One important initiative at ING has been a new three-week onboarding program, also inspired by Zappos, that involves every employee spending at least one full week at the new Customer Loyalty Team operations call center taking customer calls. As they move around the key areas of the bank, new employees quickly establish their own informal networks and gain a deeper understanding of the business.

We have … [ Read more ]

Give Your Employees Meaning to Improve Turnover

At Zumasys, in addition to the typical corporate benefits, every employee gets three to four weeks of vacation, complementary access to the company’s two-bedroom Vegas loft, and the opportunity to qualify for a tenure-based international travel program that, each year, gives four to six employees a week off with pay and a $4,000 stipend to travel to the destination of their choice. The open-book financials … [ Read more ]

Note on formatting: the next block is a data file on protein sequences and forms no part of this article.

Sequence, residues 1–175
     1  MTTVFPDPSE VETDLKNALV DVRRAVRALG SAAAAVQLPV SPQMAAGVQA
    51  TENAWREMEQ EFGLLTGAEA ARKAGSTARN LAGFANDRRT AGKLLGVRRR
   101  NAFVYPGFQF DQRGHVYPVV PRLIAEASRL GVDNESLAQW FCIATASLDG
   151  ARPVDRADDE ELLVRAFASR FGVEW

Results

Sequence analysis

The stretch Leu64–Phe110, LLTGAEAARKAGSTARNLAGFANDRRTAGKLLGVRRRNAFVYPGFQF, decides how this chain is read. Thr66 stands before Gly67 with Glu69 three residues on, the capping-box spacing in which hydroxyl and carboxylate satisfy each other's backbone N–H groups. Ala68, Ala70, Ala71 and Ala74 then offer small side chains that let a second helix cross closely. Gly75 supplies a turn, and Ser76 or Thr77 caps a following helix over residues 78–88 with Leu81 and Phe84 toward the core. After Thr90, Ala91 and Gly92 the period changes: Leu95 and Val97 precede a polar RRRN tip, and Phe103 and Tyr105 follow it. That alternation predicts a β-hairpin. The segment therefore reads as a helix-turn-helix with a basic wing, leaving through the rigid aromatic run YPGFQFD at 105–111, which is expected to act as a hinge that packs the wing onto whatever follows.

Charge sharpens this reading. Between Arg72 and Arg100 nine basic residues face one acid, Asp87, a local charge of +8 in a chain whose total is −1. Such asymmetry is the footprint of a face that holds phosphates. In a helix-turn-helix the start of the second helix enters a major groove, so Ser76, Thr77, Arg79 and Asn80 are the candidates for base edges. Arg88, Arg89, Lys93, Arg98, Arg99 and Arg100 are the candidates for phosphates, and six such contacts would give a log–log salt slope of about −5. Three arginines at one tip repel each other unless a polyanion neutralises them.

Institutionalize an “Astonishment Report”

At the end of their induction period (generally three months), new hires are required to write (and discuss with their boss) a short report documenting anything and everything that they have found interesting or surprising since joining the company.

Why You Should Interview People Who Turn Down a Job with Your Company

Successfully competing for top talent involves both selling jobs to the best candidates and retaining the highest performing incumbents. In order to be seen as an employer of choice with a compelling value proposition for employees, many companies measure turnover and conduct exit interviews with departing employees to gather feedback about the experiences people had working there and the reasons why they’re leaving. But a … [ Read more ]

Learn and Earn

ipd Company, a small auto parts company in Portland, Oregon, pays its employees to read. And, not just business books, but a wide range of self-improvement books. And, not just books, but also tapes and audio/video seminars.

Richard Gordon, president of ipd, started the “Learn and Earn” program in 1988 when he began to wonder, “what would it be like if our people read the same … [ Read more ]